On the issue of the time limits on the High Court they concluded:

  1. Section 486A is cast in a form that fixes upon the time of the actual notification of the decision in question. This has the consequence that the section does not allow for the range of vitiating circumstances which may affect administrative decision-making. It is from the deficiency that there flows the invalidity of the section.
  2. In Plaintiff S157/2002[51], Gleeson CJ emphasised in relation to the former s 486A that the time of the notification of a decision “may be very different from the time when a person becomes aware of the circumstances giving rise to a possible challenge to the decision”. His Honour went on to instance the discovery, after the expiry of a time limit fixed by reference to the time of notification, that the decision had been procured by a corrupt inducement. What was there said is applicable to the present operation of s 486A. Likewise the plight of an applicant where the circumstances giving rise to actual or apprehended bias are unknown and unknowable whilst the s 486A timescale is in operation but later become known to the applicant.
  3. The fixing upon the time of the notification of the decision as the basis of the limitation structure provided by s 486A does not allow for supervening events which may physically incapacitate the applicant or otherwise, without any shortcoming on the part of the applicant, lead to a failure to move within the stipulated time limit. The present case where the plaintiff was one day late, apparently by reason of a failure on the part of his migration adviser, is an example.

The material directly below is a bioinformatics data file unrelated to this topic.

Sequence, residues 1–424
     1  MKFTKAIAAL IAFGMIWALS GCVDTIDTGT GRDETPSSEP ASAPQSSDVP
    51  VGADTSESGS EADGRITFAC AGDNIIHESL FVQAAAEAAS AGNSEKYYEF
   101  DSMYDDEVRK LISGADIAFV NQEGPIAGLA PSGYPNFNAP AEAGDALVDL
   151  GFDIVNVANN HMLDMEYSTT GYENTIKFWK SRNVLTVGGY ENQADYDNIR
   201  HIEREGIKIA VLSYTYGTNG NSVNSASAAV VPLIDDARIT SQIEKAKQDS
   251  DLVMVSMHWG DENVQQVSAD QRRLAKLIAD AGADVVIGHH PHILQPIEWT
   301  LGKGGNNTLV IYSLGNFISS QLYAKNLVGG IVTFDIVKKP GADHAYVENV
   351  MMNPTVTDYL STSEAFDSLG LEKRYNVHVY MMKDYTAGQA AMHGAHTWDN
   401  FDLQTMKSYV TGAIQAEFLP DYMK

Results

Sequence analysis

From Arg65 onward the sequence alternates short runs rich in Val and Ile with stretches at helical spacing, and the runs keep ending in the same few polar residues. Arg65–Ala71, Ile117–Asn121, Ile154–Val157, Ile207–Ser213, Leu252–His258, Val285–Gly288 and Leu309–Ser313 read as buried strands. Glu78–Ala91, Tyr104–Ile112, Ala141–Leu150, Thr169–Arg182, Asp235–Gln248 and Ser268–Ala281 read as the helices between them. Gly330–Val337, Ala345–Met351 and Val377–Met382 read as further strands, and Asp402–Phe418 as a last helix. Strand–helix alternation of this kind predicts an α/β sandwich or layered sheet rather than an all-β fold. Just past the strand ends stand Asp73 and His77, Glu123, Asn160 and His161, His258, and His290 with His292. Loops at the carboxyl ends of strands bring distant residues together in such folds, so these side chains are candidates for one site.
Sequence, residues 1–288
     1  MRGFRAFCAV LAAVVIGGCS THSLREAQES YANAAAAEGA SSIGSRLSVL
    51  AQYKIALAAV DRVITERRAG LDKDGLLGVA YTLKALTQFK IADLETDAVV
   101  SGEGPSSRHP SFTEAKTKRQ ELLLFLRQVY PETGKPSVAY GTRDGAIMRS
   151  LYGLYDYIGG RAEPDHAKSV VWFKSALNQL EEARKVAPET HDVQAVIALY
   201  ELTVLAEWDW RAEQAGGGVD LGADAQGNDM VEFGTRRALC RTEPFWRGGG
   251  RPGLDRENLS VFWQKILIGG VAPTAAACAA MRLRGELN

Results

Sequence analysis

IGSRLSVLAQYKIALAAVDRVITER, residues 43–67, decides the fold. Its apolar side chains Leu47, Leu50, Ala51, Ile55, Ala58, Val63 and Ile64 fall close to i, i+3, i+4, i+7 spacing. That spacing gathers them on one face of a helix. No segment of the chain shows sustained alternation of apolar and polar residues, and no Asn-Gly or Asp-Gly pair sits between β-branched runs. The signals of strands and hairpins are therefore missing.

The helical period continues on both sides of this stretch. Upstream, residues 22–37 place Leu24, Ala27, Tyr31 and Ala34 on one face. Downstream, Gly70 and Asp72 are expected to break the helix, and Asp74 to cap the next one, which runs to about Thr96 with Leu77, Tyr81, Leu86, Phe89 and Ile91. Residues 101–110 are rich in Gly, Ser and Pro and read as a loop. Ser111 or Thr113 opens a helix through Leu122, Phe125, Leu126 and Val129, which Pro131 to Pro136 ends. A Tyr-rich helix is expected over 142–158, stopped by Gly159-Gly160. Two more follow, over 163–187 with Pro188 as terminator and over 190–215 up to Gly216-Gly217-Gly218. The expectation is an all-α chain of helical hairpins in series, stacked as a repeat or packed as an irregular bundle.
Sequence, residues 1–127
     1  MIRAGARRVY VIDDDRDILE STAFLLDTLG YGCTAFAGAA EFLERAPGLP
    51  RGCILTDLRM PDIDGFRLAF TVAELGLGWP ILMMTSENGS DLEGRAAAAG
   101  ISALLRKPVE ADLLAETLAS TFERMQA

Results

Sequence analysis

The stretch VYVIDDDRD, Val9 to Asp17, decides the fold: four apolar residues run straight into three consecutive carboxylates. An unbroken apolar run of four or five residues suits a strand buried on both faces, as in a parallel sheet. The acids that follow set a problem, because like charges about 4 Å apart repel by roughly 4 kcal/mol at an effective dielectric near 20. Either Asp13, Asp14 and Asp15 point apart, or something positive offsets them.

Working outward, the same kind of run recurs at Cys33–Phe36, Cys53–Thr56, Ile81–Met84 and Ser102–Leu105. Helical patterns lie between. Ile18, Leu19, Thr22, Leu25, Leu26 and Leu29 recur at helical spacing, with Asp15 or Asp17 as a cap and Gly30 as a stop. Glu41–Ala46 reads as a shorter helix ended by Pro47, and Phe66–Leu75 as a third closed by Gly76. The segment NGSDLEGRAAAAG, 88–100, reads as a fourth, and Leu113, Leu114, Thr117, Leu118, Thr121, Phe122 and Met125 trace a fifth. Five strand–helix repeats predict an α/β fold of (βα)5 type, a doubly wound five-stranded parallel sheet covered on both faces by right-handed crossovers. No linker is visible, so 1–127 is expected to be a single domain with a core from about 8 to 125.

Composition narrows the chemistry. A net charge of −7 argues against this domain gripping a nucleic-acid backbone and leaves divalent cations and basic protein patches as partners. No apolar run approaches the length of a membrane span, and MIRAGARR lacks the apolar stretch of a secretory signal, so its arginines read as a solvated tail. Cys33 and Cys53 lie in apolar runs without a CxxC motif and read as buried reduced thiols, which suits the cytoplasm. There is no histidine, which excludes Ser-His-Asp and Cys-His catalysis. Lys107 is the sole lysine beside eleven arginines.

4. It is no answer to say that some unfairness is to be expected and must be tolerated. The above examples are instances where the time limit subverts the constitutional purpose of the remedy provided by s 75(v). Further examples may be suggested from practical experience.
  5. Considerations of this kind may be dealt with at the level of discretion to grant or withhold the remedy under s 75(v). That is the path taken by the Rules and the case law in this Court. The path taken by the Parliament with s 486A is to deal with these considerations by the application of a rule precluding what is considered by the legislature to be an untimely application for what by hypothesis is a discretionary remedy. As the above discussion of the operation of s 486A illustrates, any attempt to follow that path is bound to encounter constitutional difficulties.
  6. Section 486A is invalid. It is so drawn as not to permit its reading down so as to sever and preserve any valid operation, and no case for severance was presented.

Although possibly of interest only to lawyers, the High Court also made two other points.  It totally rejected the Commonwealth’s contention that once a time limit had passed then even an unlawful migration decision was valid.

  • There are further submissions by the Solicitor-General on the construction of s 486A which also should not be accepted. The effect of s 486A was said to be, at the end of the 84 day period, to “validate” the migration decision in respect of which judicial review was sought as a s 75(v) “matter”, and to make the decision “effective for all purposes”. This consequence of the lapse of the 84 day period was said by the Solicitor-General to follow even if the migration decision was infected by some error, including fraud, which otherwise would attract prohibition under s 75(v) of the Constitution.